If you’re working in the weighing industry, you’ve probably come across the GX16 connector:
This circular connector is named after its M16 thread and can have up to 8 pins. While it is frequently referred to as an “aviation connector”, I sincerely hope that it is not actually used in aircraft, as I’ve seen many of these connectors fail. Their tiny screws are prone to coming loose, which renders the strain relief useless. Then it’s only a matter of time before the cable is pulled too hard and the wires detach.
What does it take to make a reliable GX16 connector?
This is the Ohaus Catapult 5000 scale:
It uses an overmolded GX16 connector to connect the platform to the indicator:
We’ve sold hundreds of these scales and never had an issue with them that was caused by the connectors. This is due to the extensive work that Ohaus put into making them, as demonstrated by the photos below. Apologies for the photo quality, I didn’t take them in our photo studio and it shows.
When you’ve tried everything and still can’t reliably communicate with your scale via RS-232, there’s a chance a fake chip may be the cause.
Just a few weeks ago, the thought of encountering counterfeit ICs in digital scales had not crossed my mind. Thanks to FTDI’s recent attempt to “brick” counterfeits via Windows Update, fake chips are now a hot topic on the web. While I don’t agree with the way FTDI tried to punish the end user, I wish the controversy had occurred a few weeks earlier. This would have saved me a lot of time.
Back then I was doing the final QC for several scales which were about to be shipped to a customer. The last item on my checklist was “bidirectional communication using RS-232”, something I had done many times before with this exact model. What should have taken a few minutes ended up taking me several days and nearly drove me crazy because the problems I encountered were difficult to replicate. Eventually, I arrived at the conclusion that something was very wrong with the MAX232CPE+ chips, which are responsible for converting TTL signals to RS-232 levels. After doing some research on the internet*, I started to suspect those chips were counterfeit. It seemed like a far-fetched idea** at the time, but I still desoldered them, took a few pictures and sent them to Maxim Integrated.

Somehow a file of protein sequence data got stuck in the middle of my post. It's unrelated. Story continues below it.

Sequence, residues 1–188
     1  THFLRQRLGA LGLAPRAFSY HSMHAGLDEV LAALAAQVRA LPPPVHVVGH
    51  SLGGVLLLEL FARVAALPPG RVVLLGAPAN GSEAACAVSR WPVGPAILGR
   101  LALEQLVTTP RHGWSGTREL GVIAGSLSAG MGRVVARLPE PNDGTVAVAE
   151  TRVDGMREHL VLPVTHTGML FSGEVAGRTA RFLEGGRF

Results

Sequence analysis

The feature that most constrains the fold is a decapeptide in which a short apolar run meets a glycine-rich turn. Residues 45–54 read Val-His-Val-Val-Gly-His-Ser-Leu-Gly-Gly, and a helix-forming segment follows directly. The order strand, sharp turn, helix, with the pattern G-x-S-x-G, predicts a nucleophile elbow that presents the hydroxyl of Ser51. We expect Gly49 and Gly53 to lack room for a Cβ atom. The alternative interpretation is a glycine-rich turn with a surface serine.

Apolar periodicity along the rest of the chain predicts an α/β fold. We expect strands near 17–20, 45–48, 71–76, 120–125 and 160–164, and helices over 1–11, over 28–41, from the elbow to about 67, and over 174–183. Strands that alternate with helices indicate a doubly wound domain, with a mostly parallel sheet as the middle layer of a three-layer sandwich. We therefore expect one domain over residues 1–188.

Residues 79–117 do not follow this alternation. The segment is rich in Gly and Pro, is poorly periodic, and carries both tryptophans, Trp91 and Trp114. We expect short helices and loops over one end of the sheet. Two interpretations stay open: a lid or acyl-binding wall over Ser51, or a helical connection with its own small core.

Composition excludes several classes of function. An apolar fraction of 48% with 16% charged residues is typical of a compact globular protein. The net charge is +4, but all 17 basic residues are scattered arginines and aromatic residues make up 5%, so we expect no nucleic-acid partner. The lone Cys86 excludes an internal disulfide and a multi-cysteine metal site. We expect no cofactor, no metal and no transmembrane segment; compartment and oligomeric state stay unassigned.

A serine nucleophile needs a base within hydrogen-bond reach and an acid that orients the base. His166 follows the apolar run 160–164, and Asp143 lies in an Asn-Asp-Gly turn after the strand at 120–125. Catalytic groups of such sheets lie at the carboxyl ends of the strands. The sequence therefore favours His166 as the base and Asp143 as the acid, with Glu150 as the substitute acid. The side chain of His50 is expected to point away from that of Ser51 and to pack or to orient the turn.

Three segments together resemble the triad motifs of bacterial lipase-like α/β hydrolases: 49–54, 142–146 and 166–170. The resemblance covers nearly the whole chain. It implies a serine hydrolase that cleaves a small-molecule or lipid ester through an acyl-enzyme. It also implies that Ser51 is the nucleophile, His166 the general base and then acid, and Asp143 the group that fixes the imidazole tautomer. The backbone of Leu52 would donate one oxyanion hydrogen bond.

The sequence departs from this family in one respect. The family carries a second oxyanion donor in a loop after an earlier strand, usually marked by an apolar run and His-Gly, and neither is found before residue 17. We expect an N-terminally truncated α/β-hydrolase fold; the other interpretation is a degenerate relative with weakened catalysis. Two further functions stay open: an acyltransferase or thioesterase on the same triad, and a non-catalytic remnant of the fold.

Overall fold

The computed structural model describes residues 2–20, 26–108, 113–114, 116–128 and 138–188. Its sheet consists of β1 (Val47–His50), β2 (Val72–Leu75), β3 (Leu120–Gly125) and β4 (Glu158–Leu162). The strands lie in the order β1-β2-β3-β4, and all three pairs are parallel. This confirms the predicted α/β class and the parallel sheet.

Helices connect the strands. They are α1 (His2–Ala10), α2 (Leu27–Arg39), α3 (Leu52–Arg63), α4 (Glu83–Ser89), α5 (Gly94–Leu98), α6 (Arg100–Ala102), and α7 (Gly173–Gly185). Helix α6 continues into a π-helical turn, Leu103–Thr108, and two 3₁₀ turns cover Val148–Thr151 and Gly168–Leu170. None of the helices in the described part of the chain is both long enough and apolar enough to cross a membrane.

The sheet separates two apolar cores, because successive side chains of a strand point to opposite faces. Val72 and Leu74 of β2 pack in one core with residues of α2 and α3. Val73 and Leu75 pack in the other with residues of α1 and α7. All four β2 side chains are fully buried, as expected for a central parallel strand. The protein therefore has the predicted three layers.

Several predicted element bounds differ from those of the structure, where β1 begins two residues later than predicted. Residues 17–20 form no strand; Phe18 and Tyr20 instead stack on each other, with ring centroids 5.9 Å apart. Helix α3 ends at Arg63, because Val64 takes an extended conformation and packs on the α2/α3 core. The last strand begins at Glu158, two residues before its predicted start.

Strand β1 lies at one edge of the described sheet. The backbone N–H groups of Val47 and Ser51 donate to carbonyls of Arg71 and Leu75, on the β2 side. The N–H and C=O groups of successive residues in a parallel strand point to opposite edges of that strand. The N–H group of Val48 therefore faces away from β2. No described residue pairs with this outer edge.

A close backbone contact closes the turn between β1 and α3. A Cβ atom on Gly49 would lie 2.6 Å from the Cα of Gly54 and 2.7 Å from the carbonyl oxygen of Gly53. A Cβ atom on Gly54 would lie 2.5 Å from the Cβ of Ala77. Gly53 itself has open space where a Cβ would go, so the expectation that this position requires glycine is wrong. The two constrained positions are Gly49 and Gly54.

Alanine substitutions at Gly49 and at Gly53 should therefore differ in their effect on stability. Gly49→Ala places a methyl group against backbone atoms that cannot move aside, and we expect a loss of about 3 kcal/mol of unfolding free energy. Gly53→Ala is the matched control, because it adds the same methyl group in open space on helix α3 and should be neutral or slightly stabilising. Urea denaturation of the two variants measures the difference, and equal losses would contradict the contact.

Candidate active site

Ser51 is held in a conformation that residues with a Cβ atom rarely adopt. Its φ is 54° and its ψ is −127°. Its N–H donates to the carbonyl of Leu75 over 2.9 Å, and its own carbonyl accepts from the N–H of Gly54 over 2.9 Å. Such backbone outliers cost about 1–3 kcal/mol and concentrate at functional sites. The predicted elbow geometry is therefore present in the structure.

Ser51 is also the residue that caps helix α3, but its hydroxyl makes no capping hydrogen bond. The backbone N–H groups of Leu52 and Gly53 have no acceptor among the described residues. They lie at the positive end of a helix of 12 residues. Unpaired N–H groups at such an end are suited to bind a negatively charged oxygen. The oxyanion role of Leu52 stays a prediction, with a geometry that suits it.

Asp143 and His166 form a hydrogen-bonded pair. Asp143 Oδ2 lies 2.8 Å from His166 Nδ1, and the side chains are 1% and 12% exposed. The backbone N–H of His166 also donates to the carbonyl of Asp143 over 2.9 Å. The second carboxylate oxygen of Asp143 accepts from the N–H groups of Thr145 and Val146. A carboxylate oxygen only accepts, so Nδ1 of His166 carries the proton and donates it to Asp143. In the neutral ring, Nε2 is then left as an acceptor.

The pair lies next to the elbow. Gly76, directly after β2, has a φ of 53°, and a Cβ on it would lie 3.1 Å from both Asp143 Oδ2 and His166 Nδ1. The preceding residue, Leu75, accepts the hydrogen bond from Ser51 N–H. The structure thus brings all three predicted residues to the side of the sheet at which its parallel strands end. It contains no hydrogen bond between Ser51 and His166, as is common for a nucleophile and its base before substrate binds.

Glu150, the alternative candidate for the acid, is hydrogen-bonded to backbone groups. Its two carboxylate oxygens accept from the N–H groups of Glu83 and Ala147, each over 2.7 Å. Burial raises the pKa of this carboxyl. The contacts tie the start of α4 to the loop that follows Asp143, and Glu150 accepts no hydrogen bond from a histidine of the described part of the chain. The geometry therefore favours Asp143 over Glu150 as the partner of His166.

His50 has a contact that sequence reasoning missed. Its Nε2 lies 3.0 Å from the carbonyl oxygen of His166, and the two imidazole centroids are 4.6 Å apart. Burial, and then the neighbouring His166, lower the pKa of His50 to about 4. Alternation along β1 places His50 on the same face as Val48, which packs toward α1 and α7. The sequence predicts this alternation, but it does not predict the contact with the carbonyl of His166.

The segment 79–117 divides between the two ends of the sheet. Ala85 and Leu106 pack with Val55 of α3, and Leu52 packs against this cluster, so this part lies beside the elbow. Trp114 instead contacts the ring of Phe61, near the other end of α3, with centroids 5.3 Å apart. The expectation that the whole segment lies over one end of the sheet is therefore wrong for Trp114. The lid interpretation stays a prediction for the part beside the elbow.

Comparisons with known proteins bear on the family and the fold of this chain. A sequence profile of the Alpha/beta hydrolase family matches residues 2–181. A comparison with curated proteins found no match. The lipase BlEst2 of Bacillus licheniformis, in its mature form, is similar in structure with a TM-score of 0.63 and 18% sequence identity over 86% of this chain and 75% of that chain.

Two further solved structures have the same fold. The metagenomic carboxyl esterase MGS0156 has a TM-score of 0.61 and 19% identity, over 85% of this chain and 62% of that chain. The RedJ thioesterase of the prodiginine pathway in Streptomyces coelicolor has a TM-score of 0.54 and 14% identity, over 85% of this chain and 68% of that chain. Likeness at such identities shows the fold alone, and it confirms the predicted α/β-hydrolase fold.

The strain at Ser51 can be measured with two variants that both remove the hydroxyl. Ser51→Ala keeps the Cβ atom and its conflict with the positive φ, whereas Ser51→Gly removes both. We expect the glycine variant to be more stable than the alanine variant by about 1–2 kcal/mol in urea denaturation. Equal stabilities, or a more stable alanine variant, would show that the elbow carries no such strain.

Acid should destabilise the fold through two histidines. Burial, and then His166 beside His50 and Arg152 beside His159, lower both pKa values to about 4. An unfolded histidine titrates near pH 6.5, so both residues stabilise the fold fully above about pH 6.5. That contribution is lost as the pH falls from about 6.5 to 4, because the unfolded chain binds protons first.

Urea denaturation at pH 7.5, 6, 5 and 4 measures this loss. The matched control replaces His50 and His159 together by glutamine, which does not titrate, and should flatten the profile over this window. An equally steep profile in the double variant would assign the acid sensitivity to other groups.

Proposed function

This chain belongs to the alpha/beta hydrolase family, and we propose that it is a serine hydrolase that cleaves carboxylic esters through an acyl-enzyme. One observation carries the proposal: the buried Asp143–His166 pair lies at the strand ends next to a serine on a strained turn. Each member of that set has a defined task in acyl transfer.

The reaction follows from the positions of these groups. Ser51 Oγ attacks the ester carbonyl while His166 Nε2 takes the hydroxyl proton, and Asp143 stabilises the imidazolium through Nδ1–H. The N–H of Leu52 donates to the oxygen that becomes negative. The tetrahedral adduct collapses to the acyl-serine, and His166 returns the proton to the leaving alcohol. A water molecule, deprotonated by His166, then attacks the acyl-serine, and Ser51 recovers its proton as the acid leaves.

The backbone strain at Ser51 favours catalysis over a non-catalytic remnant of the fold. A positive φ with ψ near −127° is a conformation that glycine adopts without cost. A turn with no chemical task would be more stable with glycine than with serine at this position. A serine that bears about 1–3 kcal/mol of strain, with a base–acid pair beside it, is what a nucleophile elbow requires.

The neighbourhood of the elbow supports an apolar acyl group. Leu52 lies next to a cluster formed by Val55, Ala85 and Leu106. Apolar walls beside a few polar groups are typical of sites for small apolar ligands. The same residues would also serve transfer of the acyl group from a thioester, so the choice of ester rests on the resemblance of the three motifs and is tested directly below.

Fake MAX232CPE+ and MAX232EPE+
Thankfully, I received a reply in less than two hours:
“Yes these parts are counterfeit, they do not match markings of lots we manufactured.”
Now extremely suspicious of all MAX232s***, I disassembled a few more scales from 4 different vendors. 3 contained ICs belonging to the MAX232 family, so I sent the pictures to Maxim Integrated, too. In addition to the chips used by the scale manufacturer which had prompted me to start this investigation, one chip used by another manufacturer was also flagged as counterfeit.
To be fair, my sample size is too small to draw meaningful conclusions regarding the entire weighing industry. However, if you’re in the business of making weighing instruments and were blissfully unaware of this issue, I hope this article serves as a wake-up call.
The load cell is attached to the bottom plate on one end and to the top plate on the other. It will slightly bend when a load is applied.
The deformation of the load cell is measured by tiny sensors called strain gauges. If you look closely (or click on the image to see it in full size), you can see two of them on top of the load cell while two more are located on the bottom side.
The overload stops prevent the load cell form deforming too far when a load beyond its capacity is applied. The two screws on the top are used to slightly tilt the top plate in order to adjust the overload gap between the plate and the 4 corner stops.
Please don’t hesitate to leave a comment and let me know if you’d like to see more interactive images.